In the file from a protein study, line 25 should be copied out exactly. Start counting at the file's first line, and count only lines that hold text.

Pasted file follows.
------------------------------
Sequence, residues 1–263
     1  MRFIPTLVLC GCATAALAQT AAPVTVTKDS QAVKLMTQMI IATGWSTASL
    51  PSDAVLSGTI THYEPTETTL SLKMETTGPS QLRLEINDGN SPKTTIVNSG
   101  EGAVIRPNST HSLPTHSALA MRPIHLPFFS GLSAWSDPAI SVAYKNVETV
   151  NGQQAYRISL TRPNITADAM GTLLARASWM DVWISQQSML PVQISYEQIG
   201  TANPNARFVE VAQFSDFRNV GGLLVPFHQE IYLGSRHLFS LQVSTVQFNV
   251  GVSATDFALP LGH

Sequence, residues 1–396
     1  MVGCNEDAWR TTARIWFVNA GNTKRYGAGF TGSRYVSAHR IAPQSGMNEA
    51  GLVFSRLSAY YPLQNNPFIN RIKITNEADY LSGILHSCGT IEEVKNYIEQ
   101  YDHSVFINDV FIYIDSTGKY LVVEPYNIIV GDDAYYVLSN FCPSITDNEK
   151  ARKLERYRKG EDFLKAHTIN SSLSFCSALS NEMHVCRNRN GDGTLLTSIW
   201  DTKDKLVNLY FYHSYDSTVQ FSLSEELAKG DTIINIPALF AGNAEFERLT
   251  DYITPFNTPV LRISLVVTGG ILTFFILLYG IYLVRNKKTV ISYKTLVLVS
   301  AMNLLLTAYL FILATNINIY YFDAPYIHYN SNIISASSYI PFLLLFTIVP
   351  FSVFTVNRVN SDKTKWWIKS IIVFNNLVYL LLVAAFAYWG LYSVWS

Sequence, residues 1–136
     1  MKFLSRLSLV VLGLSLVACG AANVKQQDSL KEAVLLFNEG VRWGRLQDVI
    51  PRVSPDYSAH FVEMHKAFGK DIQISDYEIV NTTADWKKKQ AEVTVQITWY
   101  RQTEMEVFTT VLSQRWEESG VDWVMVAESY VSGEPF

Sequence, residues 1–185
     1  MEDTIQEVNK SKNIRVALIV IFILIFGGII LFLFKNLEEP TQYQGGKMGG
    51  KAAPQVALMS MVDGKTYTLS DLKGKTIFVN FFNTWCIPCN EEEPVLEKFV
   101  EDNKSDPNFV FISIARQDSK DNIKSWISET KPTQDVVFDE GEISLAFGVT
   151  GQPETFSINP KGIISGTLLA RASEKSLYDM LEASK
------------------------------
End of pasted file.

   151  GQPETFSINP KGIISGTLLA RASEKSLYDM LEASK